The play also enhances the rite of passage which the myth represents. While the novellas emphasize the lovers' failure to make the social transition symbolized by marriage, they present little psychological complexity. Literary conventions which stylize thought and emotion allow the protagonists almost no individuality: Romeo and Juliet are patterns of young love, his age unspecified, hers noted (during her father's marriage negotiations) as sixteen in Brooke, eighteen or so in the others. By contrast, the dramatic version catches the lovers specifically in the early and middle phases of adolescence. Its portrayal of these phases, remarkable for its accuracy and thoroughness, is animated by sexual energy. When wordplay imitates sexual play, it expresses thoughts and sensations typical of this often chaotic period of transition.4 The staging itself, readily adaptable to film, charges events:
Visually, the play remains memorable for a number of repeated images—street brawls, swords flashing to the hand, torches rushing on and off, crowds gathering. The upper stage is used frequently, with many opportunities for leaping or scrambling or stretching up and down and much play between upper and lower areas. The dominant feelings we get as an audience are oppressive heat, sexual desire, a frequent whiz-bang exhilarating kinesthesia of speed and clash, and above all a feeling of the keeping-down and separation of highly charged bodies, whose pressure toward release and whose sudden discharge determine the rhythm of the play.5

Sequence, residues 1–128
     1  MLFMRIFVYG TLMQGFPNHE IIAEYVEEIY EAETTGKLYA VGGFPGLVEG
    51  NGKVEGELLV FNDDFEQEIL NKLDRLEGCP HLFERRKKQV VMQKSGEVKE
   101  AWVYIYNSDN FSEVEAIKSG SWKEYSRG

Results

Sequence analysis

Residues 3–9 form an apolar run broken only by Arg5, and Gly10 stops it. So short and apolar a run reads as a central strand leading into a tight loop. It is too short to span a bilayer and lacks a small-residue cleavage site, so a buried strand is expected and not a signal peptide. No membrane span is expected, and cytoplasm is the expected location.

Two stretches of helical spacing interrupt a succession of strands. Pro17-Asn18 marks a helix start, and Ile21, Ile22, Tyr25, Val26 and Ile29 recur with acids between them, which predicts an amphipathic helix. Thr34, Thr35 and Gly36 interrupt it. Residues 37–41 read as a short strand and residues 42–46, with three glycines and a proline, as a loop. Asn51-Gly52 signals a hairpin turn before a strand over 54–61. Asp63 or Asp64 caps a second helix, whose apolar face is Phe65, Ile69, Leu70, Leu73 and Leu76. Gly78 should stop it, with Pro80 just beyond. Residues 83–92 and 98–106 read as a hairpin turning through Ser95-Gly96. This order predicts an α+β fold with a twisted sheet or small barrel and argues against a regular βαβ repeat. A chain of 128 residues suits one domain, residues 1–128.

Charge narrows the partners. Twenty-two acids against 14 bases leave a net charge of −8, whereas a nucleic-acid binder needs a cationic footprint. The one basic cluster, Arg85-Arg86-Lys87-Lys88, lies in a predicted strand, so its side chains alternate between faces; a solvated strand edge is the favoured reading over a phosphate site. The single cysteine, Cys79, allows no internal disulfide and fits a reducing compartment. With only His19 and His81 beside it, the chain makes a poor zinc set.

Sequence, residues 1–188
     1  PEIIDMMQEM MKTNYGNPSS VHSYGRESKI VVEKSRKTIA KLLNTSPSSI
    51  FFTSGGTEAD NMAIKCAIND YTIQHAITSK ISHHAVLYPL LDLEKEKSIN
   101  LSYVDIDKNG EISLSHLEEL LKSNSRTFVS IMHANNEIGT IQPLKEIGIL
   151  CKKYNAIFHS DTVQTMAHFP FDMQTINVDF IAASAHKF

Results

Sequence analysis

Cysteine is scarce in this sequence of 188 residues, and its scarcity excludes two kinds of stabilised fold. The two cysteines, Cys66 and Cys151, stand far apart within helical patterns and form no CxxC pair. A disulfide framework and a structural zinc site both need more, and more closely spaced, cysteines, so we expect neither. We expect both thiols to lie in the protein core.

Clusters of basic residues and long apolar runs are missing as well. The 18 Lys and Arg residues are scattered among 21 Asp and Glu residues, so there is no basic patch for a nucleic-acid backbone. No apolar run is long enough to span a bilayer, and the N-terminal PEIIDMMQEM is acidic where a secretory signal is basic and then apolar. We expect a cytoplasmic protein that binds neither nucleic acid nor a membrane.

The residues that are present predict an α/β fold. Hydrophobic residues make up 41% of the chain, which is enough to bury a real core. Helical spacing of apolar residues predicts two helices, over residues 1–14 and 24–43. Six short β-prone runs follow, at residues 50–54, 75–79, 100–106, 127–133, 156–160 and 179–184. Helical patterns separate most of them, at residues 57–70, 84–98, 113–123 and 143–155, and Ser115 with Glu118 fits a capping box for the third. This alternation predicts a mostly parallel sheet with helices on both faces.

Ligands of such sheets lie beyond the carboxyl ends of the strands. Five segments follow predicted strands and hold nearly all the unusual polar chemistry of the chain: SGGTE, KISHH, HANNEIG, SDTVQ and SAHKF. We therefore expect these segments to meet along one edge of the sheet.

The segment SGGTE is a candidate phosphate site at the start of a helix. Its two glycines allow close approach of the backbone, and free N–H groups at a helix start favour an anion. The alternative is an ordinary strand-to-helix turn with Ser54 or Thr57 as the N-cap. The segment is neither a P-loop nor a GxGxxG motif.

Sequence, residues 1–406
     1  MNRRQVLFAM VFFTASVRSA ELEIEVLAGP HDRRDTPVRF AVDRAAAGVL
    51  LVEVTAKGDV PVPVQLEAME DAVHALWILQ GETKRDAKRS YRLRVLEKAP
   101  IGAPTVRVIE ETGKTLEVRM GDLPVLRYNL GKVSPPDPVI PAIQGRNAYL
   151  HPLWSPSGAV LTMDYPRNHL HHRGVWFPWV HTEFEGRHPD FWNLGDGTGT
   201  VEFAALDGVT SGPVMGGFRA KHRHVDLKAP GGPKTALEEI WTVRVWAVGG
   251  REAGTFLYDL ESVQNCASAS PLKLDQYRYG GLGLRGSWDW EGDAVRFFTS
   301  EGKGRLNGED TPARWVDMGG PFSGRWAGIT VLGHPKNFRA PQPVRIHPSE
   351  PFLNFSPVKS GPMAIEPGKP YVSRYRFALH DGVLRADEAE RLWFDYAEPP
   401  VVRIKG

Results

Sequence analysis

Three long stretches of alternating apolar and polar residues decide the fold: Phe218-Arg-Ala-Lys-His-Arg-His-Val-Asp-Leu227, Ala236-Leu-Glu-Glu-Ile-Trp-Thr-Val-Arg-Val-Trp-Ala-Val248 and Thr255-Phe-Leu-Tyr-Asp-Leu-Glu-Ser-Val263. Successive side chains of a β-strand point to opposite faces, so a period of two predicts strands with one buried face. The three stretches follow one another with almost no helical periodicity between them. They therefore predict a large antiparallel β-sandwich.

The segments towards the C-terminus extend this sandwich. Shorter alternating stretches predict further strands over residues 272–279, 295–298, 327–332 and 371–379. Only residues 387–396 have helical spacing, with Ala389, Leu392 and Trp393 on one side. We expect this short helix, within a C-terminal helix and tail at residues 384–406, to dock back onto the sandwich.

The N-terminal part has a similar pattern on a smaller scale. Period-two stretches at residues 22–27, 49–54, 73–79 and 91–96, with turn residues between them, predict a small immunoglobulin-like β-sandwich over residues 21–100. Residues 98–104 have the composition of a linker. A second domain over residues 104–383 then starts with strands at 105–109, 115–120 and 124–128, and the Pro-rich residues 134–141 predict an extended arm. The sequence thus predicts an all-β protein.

Perhaps the sexually charged enactment of adolescence explains the emotional appeal of Romeo and Juliet to modern teenagers and to adults still in touch with their earlier selves.
In its portrayal of adolescent phases, Romeo and Juliet uses the sequence of the well-known story as a point of departure. It adds scenes and shorter passages to the fictional narrative which enlarge the social worlds of the lovers before reducing them, and which therefore complicate relationships with families or friends. Consequently the changes of adolescence, part of a larger dynamic, set off repercussions at every level of the action: the protagonists verbalize them and act them out; Romeo's friends mirror or disagree with his behaviour; and the older generation, misconstruing almost all of the signs, hasten events towards calamity.
In the opening scene, for example, more than half of the dialogue elaborates on Romeo's state of mind. When the prototype failed to rationalize his initial lovesickness in the novellas, an anonymous friend lectured him on the wastefulness of unrequited love, and Romeo immediately accepted his advice to find a more compassionate mistress. Revising this episode, the play makes Romeo's behaviour the subject of conversation between his father and his cousin Benvolio: Romeo isolates himself, restless and uncommunicative, seeking an ambience that suits his mood. Benvolio not only shares some of Romeo's feelings (ll. 114-26), but recognizes the correspondence:I, measuring his affections by my own … Pursued my humour, not pursuing his, And gladly shunned who gladly fled from me.